Open Access
Article
Epithelial cell surface polarity: the early steps
Lene N Nejsum1,W James Nelson1
1
Departments of Biology, and Molecular and Cellular Physiology, The James H. Clark Center, Bio-X Program, Stanford University, 318 Campus Drive E200, Stanford, CA 94305-5430, USA. nejsum@stanford.edu
DOI: 10.2741/3295 Volume 14 Issue 3, pp.1088-1098
Published: 01 January 2009
(This article belongs to the Special Issue Molecular engines that build and break epithelial junctions)
Abstract

Establishment and maintenance of epithelial cell surface polarity is of vital importance for the correct function of transporting epithelia. To maintain normal cell function, the distribution of apical and basal-lateral proteins is highly regulated and defects in expression levels or plasma membrane targeting can have severe consequences. It has been shown recently that initiation of cell-surface polarity occurs immediately upon cell-cell contact, and requires components of the lateral targeting patch, the Exocyst and the lateral SNARE complex to specify delivery of basolateral proteins to the site of cell-cell adhesion. The Exocyst and SNARE complex are present in the cytoplasm in single epithelial cells before adhesion. Upon initial cell-cell adhesion, E-cadherin accumulates at the forming contact between cells. Shortly hereafter, components of the lateral targeting patch, the Exocyst and the lateral SNARE complex, co-localize with E-cadherin at the forming contact, where they function in specifying the delivery of basal-lateral.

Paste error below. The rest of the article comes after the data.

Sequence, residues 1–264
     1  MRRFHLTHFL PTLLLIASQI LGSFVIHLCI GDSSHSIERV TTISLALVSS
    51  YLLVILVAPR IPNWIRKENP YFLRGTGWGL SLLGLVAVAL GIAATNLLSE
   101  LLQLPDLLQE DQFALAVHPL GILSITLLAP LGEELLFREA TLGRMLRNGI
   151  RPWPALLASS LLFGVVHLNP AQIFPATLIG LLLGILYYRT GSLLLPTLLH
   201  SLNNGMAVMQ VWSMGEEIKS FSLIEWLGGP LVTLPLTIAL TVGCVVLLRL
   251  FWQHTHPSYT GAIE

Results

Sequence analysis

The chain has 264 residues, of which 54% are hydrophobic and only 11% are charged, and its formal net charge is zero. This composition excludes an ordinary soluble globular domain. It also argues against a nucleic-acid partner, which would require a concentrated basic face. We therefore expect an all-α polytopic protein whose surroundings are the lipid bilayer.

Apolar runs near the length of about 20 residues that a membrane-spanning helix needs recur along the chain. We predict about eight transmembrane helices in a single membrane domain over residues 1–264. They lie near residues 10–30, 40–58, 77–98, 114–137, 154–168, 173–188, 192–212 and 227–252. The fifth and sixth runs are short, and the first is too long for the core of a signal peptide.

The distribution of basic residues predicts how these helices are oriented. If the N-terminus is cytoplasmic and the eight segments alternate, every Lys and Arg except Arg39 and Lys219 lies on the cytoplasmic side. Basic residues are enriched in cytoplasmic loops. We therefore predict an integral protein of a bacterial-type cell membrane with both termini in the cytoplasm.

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Lene N Nejsum, W James Nelson. Epithelial cell surface polarity: the early steps. Frontiers in Bioscience-Landmark. 2009. 14(3); 1088-1098.